BINKY PHILIPS and THE PLANETS – Established 1972 NYC

Binky Philips and the Planets 2019

BINKY PHILIPS
and THE PLANETS –
Established 1972 NYC

For punk’s sake! “The only band that didn’t get signed” eventually muscle up for their first-ever record release – youthful, if filled with nostalgia.

One may approach this collective cautiously, with a pinch of suspicion: surely there was a reason why they, the denizens of “CBGB” and other New York haunts, failed to land a deal and didn’t get any contract in the ensuing decades, right? Apparently, not, and now Binky Philips’ perseverance finally pays off, even though the guitarist had to add his name to the ensemble’s to distinguish it from many subsequent groups of the same moniker. What didn’t need any upgrade, only a few refinements, is the quartet’s sound because their fire and ire are still in place, so the album’s finale “Wear Out The Grooves” – rambunctious blues, given a vinyl crackle for further authenticity – can become a verdict on the listener’s part. Yes, the 28-minute, 10-track record will warrant repeated spins.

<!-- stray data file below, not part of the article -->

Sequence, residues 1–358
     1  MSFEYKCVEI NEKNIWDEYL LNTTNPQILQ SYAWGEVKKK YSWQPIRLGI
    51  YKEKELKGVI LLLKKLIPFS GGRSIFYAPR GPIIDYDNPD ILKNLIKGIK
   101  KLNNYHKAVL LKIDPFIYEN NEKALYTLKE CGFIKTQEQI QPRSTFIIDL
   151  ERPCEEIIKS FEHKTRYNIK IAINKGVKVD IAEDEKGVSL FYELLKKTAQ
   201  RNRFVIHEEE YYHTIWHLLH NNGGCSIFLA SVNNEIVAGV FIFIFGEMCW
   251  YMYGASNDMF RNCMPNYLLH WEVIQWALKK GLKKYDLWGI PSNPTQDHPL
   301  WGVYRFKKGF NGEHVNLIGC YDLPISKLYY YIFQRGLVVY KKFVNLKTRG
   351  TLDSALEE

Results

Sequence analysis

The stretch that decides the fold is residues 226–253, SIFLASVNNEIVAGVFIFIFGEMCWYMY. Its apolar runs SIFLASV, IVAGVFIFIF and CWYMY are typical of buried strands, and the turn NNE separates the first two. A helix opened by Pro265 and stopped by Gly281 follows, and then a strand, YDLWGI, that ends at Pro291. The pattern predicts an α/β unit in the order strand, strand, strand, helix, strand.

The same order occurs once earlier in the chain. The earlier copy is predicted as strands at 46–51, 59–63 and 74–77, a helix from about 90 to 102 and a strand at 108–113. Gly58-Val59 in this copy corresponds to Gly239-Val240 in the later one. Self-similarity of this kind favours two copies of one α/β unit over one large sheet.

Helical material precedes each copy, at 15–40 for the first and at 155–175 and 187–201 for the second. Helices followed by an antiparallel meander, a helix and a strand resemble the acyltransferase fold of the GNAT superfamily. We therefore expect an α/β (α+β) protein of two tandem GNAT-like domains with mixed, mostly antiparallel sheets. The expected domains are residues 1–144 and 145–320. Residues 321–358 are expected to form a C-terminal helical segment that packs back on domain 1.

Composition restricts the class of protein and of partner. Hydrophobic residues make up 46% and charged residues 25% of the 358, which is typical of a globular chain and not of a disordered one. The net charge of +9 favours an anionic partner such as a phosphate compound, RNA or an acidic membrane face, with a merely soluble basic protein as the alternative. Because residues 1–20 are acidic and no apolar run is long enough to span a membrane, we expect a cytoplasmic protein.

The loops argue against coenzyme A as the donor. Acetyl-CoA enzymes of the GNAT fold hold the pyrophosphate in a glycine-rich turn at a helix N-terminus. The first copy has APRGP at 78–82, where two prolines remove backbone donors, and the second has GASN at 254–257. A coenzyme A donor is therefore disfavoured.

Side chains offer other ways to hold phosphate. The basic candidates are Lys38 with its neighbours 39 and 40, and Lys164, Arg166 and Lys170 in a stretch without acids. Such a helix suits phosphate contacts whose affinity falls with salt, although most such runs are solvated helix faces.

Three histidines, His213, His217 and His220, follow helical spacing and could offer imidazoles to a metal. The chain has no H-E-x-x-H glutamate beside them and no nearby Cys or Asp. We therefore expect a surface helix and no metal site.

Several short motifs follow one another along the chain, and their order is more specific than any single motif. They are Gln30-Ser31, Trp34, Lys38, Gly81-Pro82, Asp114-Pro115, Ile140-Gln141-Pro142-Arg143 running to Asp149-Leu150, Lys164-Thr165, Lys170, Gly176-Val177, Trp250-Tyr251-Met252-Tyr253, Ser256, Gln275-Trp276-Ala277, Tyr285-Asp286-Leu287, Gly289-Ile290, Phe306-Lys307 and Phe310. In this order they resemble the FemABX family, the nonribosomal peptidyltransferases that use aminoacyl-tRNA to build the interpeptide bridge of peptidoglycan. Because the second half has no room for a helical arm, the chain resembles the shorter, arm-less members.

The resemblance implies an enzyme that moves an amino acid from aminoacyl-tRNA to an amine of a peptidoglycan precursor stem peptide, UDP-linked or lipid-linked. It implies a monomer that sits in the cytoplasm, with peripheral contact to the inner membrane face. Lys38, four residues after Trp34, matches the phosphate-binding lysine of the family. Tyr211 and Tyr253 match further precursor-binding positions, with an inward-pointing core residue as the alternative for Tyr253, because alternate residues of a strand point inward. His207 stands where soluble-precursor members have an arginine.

Plentiful uncompromising riffs from Binky and Nolan Roberts’ voice not only sharpen the edge of “Splitsville Or Bust” and other short missives but also shape choruses, while the rock ‘n’ roll groove feels relentless enough to make any old geezer dust off their denim and strut their stuff. Yet whereas the ticking rhythm and sweet harmonies of “Kinda Liked It At The Time” welcome dewy-eyed reminiscences, the foursome strip it all from the past sins and infuse the resulting recordings with optimistic shuffle as “Just Fine, Just Fine” suggests – they go the distance by measuring time in “24/7, 366” – but sarcasm is always there.

There’s no smile, though, behind the menacing “Drinking Gasoline” which would channel existential angst into heavy performance that’s as tight as the disco-drenched “Leave Me Hanging” and as focused as “Blink” whose crystal licks come completely unexpected. Still, this gnarled balladry serves the group well, especially when contrasted by the frantically belligerent “Sour Grapes.”

“No more bringing up the rear”: this line should ring true for the veteran band that managed to move to the frontline. Justice has been served, fresh material delivered, and glory seems to be around the corner – deservedly so.

****1/2

May 28, 2019

Category(s): Reviews
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